In Germany, HOELDERLIN (and their fantastic debut album), EMTIDI, OUGENWEIDE, CAROL OF HARVEST, WITTHEUSER & WESTRUPP were exploring German folk while KALACAKRA , SILOAH and EMBRYO were indulging with Indian music. In South America, most notably in Chile, LOS JAIVAS (very bent upon Andean Indian music) and EL CONGRESSO (more Spanish-Latino folklore) were using folk in their rock, so much that some press talked about them referring it with the hateful term Inca Rock. In Quebec, the progressive movement exploded with the cultural identity and the Chansoniers tradition and this was carried out with LES SEGUIN and HARMONIUM and so many more. In France, many groups were out for folk rock such as RIBEIRO ALPS, TANGERINE, and ASGARD. In Spain, Flamenco playing a dominant role as well as Basque folk, TRIANA, ITOIZ and HAIZEA were the head of the movement once the Franco regime fell apart after his death.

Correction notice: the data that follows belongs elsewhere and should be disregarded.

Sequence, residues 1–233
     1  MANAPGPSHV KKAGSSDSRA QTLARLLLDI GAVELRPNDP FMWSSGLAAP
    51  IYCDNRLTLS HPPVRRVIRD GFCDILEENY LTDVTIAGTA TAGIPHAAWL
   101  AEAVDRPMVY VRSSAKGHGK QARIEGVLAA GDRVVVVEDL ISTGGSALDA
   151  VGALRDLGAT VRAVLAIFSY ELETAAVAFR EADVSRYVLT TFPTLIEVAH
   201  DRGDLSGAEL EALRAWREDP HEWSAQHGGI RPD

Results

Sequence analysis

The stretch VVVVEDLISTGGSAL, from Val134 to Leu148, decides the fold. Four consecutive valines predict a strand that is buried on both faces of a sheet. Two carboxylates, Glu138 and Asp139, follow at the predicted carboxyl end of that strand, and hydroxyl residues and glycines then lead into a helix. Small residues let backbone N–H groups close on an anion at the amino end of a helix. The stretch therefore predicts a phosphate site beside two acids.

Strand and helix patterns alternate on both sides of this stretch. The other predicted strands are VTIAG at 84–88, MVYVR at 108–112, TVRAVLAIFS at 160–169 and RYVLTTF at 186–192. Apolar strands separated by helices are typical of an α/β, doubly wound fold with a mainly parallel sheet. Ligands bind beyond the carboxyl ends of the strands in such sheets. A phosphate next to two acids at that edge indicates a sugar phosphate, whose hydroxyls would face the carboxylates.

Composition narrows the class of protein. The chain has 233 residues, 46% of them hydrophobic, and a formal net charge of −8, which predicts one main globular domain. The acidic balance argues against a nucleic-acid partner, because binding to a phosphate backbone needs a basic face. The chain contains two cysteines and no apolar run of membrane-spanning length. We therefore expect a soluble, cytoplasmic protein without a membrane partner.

There is also a very important medieval music influences dimension in some groups as the term Medieval Folk was also mentioned for a while but apparently dropped by musicologists. Among the UK groups are obviously GRYPHON, GENTLE GIANT and THIRD EAR BAND, in France: MALICORNE and RIPAILLE and in Scandinavia: ALGARNAS TRADGARD and FOLQUE.


Hugues Chantraine

Current Team as of January 1, 2015

Bob Moore aka ClemofNazareth
Ken Levine aka Kenethlevine
Sean Trane

Prog Folk Top Albums


Showing only studios | Based on members ratings & PA algorithm* | Show Top 100 Prog Folk | More Top Prog lists and filters